Being a #teacherontwitter

This will be a very quick post (as it’s late and I’m hungry) inspired by this article in the San Francisco Chronicle. It’s occured to me before that although there are guidelines for teachers on Facebook, there’s not the same kind of emphasis on Twitter. Here, then, are the rules I follow when I tweet – they also apply to my blog.

  1. I blog and tweet discreetly – I suppose I could be identified, but it would take some effort and some luck – because I choose not to identify myself to my students. It may be about teaching, but its not part of my working life, so they don’t have a right to know. (The same applies to my colleagues and bosses.) This means a rough area and a first name.
  2. I never identify students by name and when I discuss them critically, make sure that it is general, not specific. I use their errors and attitudes as generic examples, not to ‘name and shame’. I follow equivalent rules to those I would expect of a doctor or nurse who tweets about their shift; about ‘patients’ as a group but never particular patients.
  3. I try never to produce anything that I would be embarassed to have read out in the staff room or printed out in the playground. Anyone who reads my Twitter feed will have picked up a lot about me. I’m married with two kids, I climb and run, I read a lot, I have an odd sense of humour (with a preference for bad puns), I’m passionate about teaching, skepticism and atheism. Most of my students will have picked up bits and pieces of that. Occassional tweets will have hinted at frustration with tickbox assessment, experience with mental health problems, a distrust for the law, and a strong belief in equality of LGBT aspects of sexuality. Make of that what you will; I’m ashamed of none of it.
  4. I am always aware that in my Follower list there are students, and some of them could be mine. There is no requirement that people sign up to Twitter under their real, full name – I didn’t. So if my students realised my ID somehow, or stumbled upon my blog, they could choose to follow me, knowingly or by chance. If in doubt, I don’t hit ‘Send’.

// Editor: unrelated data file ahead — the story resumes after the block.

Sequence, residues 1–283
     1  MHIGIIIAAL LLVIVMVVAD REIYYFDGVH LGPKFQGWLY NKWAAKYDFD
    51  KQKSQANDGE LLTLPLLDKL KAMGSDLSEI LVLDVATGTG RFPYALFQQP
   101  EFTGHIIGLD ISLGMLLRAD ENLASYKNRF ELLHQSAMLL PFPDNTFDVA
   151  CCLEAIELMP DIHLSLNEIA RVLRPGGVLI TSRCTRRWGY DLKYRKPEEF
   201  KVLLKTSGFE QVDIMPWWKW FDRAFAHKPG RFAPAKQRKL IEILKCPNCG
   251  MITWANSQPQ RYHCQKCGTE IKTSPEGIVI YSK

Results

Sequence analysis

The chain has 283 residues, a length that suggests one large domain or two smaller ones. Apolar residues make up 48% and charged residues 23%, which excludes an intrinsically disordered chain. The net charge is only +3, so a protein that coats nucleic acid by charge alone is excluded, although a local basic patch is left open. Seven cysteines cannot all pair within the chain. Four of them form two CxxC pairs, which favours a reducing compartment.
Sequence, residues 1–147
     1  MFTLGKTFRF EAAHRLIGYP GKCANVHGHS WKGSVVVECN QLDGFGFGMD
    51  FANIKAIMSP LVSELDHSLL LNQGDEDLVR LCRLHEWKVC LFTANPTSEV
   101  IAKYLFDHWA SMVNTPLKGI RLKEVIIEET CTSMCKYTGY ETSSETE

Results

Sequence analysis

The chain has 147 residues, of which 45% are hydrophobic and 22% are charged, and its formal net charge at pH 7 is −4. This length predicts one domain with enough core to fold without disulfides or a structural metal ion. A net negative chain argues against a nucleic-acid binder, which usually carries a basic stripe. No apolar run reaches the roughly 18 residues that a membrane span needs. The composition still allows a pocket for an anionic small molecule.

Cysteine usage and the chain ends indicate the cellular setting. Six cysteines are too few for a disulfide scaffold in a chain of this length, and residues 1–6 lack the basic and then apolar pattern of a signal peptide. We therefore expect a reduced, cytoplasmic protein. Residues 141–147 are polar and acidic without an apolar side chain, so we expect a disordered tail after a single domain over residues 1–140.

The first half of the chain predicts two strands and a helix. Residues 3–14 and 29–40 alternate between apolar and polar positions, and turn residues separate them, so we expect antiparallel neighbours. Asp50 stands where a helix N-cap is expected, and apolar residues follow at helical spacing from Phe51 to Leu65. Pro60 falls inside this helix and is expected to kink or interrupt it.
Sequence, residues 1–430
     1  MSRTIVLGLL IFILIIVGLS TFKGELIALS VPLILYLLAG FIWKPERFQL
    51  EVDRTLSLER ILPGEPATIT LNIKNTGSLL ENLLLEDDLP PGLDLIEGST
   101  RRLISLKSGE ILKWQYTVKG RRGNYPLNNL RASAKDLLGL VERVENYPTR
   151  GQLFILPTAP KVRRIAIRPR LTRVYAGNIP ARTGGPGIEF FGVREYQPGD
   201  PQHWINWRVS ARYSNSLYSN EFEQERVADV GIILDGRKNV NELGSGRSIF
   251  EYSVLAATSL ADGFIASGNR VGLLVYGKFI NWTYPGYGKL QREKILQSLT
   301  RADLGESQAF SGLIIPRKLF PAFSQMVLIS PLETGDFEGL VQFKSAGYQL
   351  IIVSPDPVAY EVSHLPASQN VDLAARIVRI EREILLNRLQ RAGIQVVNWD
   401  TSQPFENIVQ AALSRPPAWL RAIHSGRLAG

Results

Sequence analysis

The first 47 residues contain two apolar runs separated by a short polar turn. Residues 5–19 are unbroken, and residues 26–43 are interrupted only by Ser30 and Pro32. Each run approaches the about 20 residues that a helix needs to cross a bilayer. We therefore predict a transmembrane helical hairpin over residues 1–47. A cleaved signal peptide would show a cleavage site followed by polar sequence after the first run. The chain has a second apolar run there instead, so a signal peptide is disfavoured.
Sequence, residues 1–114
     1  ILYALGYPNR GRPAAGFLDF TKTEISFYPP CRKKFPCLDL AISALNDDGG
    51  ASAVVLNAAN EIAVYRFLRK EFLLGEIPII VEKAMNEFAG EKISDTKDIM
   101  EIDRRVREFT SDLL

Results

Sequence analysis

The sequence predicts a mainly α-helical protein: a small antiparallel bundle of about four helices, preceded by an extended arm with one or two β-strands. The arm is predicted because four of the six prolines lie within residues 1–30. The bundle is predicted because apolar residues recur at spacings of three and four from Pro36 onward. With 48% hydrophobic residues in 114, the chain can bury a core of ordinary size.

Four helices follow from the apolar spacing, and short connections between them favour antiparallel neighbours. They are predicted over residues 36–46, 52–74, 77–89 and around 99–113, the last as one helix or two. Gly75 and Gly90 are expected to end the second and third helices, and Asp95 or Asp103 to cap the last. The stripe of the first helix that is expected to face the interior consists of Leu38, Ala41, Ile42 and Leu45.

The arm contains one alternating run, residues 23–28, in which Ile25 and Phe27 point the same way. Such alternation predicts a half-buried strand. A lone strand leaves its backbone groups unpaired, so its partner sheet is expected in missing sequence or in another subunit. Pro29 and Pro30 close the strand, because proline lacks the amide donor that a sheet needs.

5. EDIT: I’m an idiot – blame it on lateness. One of the most important rules is, of course, a positive one, rather than negative. It’s about what I do, not what I avoid. I try to help. I’m positive when I can be, constructive when it’s been a bad day or a long week. I share ideas, pass on links and try tog et conversations started. My recent efforts with #pimpmydemo are an example of this, but it’s (hopefully) demonstrated whenever I swap banter with a colleague, make suggestions, respond to challenges. All because I want to use twitter, and my blog, to make things better, somehow, some way. Hopefully I’m managing.

What are your rules for being a #teacherontwitter?

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One thought on “Being a #teacherontwitter”

  1. I’ve recently opened up my Twitter account, having had protected tweets. I’ve been back to delete all but the last month’s tweets (I know things stay in searchable timelines etc, but it makes things a little harder for the average student to find).

    I’ve never mentioned a student by name, or a colleague. Having opened up I will be keeping my frustrations in check, and I’ll probably tone down the swears a little (but I lecture in FE so things are a bit more relaxed on that front, especially in a fieldwork situation).

    As for my reason for decloaking – it was because I was missing out on interaction, unable to send replies to anyone who wasn’t following me. The help I’ve had today alone (finding short practical biology demos for a taster day) is worth the increased exposure.

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